After reading Darwin’s Origin, Adam Sedgwick, Darwin’s professor of natural science when he attended the University of Cambridge, wrote Darwin to express deep concerns about the theory:
There is a moral or metaphysical part of nature as well as a physical. A man who denies this is deep in the mire of folly. Tis the crown and glory of organic science that it does, through final cause, link material to moral; & yet does not allow us to mingle them in our first conception of laws, and our classification of such laws whether we consider one side of nature or the other. You have ignored this link; and, if I do not mistake your meaning, you have done your best in one or two pregnant cases to break it. Were it possible (which, thank God, it is not) to break it, humanity, in my mind would suffer a damage that might brutalized it, and sink the human race into a lower grade of degradation than any into which it has fallen since its written records tell us of its history.
Stunned by Sedgwick’s response, Darwin protested, “I do not think my book will be mischievous.” See below.
To Adam Sedgwick 26 November 
Ilkley Wells House | Otley, Yorkshire
My dear Prof. Sedgwick
I did not at all expect that you would have written to me.—1 You could not possibly have paid me a more honourable compliment than in expressing freely your strong disapprobation of my Book.— I fully expected it. I can only say that I have worked like a slave on the subject for above 20 years & am not conscious that bad motives have influenced the conclusions at which I have arrived. I grieve to have shocked a man whom I sincerely honour. But I do not think you would wish anyone to conceal the results at which he has arrived after he has worked, according to the best ability which may be in him. I do not think my book will be mischievous; for there are so many workers that, if I be wrong I shall soon be annihilated; & surely you will agree that truth can be known only by rising victorious from every attack.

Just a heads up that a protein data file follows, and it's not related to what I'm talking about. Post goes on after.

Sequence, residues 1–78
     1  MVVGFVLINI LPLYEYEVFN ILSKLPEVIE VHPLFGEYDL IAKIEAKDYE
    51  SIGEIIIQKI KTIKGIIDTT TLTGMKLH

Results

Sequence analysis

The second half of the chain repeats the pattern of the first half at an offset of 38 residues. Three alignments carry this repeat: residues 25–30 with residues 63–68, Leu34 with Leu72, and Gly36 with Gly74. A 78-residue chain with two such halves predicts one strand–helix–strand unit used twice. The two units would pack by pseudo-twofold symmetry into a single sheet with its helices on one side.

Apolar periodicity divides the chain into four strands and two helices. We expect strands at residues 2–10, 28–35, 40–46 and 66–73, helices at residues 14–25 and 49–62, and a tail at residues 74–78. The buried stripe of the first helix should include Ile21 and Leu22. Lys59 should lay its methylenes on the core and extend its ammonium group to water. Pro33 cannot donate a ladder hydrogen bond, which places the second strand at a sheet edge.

I daresay I may have written too confidently from feeling so confident of the truth of my main doctrine. I have made already a few converts of good & tried naturalists & oddly enough two of them compliment me on my cautious mode of expression! This will make you laugh. My notion of young men being best judges of new doctrines was not invented for occasion; for however erroneous, I remember nearly twenty years ago laughing with Lyell over the idea.— I have tried to be honest in giving all the many & grave difficulties which occurred to me, or I met in published works. I cannot think a false theory would explain so many classes of facts, as the theory seems to me to do. But magna est veritas & thank God, prevalebit.
Forgive me for scribbling at such length, & let me say again how I grieved I am to have encountered your severe disapprobation & ridicule. Your kind & noble heart shows itself througout your letter. I thank you for writing, & remain with sincere respect
Yours truly obliged